Mergers or amalgamations of two or more 'not-for-profit' enterprises can be stressful and can quickly involve a complex set of transactions. This article dicusses highlights some of the differences between the process of amalgamating two entities, and common pitfalls to avoid.
Looking for legal advice on merging two 'not-for-profit' enterprises? Let us guide you with our expert advice. Mergers or amalgamations of two or more 'not-for-profit' enterprises can be stressful and can quickly involve a complex set of transactions. It is always advised that should you be in this position, you immediately consult a legal practitioner for advice about how to proceed.
This article will discuss some basics about mergers of 'not-for -profits', some differences between the process of amalgamating two entities, and some potential pitfalls which can be avoided.
How does merging two 'not-for-profits' operate?
Unlike when two or more 'for profit' entities formally 'amalgamate', whereby the State Regulator takes control of the process, a merger of two 'not-for-profit' enterprises is far more customisable. This can be of great benefit to both entities. A merger is usually based on contractual arrangements between the two enterprises whereby the documentation will outline the new structure of the enterprise and any transfer of assets. Subject to agreement, one of two things can then generally occur. Either both former entities will merge into one completely new entity, after which both of the former entities are wound up. Alternatively, one entity could merge into the other existing entity, after which the former entity can be wound up.
These issues can quickly become complex and quite technical. Therefore, you should always obtain legal advice before entering into such arrangements in order to protect your interests.
Why do 'not-for-profits' enter into mergers?
Mergers occur on a regular basis across Australia. It is no different when a merger involves two 'not-for-profit' entities. The reasons vary greatly as to why a merger should occur. A primary reason is that both entities believe that their mission statements align with each other. Therefore, by combining all their available resources, they may be better able to fulfil that statement in a more effective, efficient manner. This could enable faster growth in their relevant sector.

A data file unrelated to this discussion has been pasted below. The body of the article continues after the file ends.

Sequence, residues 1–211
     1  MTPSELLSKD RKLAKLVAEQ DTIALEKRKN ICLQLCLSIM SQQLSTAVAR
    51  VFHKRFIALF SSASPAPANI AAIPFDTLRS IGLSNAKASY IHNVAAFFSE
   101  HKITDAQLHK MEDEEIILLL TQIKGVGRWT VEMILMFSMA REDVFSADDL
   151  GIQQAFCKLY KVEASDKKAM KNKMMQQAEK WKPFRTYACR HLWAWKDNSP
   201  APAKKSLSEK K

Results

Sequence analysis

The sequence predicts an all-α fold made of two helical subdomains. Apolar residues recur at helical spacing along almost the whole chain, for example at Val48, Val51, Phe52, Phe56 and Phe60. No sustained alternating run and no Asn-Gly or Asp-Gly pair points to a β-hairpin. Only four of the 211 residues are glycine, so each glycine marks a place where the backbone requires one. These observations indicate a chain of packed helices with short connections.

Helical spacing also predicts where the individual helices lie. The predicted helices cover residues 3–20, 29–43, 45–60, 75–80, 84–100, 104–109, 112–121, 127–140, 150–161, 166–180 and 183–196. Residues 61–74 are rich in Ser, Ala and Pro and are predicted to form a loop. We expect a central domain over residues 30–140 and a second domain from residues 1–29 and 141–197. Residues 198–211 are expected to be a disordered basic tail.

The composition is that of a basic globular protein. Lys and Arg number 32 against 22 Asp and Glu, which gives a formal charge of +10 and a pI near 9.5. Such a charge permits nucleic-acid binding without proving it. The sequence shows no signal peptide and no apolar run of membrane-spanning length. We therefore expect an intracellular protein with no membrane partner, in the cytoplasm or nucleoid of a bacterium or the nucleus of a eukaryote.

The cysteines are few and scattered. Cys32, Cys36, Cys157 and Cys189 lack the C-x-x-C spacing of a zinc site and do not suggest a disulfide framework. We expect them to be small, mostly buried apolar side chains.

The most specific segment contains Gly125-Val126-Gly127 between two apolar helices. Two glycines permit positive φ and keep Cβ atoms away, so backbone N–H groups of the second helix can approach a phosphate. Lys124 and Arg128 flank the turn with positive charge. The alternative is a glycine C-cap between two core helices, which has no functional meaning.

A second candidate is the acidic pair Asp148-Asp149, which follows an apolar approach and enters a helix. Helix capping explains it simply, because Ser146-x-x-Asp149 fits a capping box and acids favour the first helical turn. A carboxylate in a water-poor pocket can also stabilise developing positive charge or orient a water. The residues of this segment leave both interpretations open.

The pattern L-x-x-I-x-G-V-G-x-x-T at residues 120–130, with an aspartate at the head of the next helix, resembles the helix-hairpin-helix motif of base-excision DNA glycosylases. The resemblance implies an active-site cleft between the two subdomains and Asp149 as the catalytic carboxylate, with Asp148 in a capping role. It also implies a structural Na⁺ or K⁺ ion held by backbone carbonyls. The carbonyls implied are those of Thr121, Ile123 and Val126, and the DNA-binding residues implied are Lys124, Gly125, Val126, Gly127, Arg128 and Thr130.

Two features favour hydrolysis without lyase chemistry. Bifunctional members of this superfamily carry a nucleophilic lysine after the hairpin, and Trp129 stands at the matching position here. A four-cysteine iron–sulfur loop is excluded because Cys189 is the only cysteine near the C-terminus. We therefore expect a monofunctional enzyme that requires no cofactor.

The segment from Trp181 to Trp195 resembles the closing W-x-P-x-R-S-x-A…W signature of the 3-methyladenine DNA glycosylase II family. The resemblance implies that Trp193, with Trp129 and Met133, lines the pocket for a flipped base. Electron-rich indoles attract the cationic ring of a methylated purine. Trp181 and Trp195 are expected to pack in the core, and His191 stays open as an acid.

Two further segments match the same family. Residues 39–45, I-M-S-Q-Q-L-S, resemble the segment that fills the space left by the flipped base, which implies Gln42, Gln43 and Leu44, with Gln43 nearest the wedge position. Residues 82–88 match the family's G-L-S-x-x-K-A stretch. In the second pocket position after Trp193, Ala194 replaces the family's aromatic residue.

What steps should 'not-for-profits' take before entering into any merger?
Apart from seeking independent legal advice, there are a number of steps you can take prior to beginning talks surrounding any possible merger. This is called undertaking due diligence.
Due diligence is a process which promotes disclosure between the entities, including their current financial resources, human resources, any outstanding liabilities and any other potential issue that may be unique to one particular entity. By investigating any potential issues before entering into any negotiations, it may save you considerable time and money into the future.
Also, any party seeking to potentially enter into a merger should also be fully aware of any existing legal structure of the other entity. This may vary depending on whether the other party is another 'not-for-profit' or a registered charity under the Australian Charities and Not-for-Profit Commission (ACNC). This is another issue that you must discuss with your legal practitioner before commencing negotiations.
What are the potential disadvantages of a merger?
From an entity perspective, the main disadvantage is that employees may in fact lose their jobs if their position is either no longer available or another individual from the other merging entity is given their position. Despite this potentially occurring more with 'for profit' enterprises, it is still a potential downside in any merger. Hence, if you are going to merge 'not-for-profits', you must be aware of this risk of having disgruntled employees. However, if this results in a larger share of the market where you can have greater social impact, then it may still be worth merging.
If your 'not-for-profit' entity is contemplating merging with another entity, Sharrock Pitman Legal can diligently assist you in ensuring that your interests and positions are advanced. Call Sharrock Pitman Legal today on 1300 205 506 or complete the form below.
The information contained in this article is intended to be of a general nature only and should not be relied upon as legal advice. Any legal matters should be discussed specifically with one of our lawyers.
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He is an Accredited Specialist in Commercial Law (accredited by the Law Institute of Victoria). He also deals with areas of Employment Law, Wills & Estate Planning and Probate. For further information, contact Mitchell on his direct line (03) 8561 3318.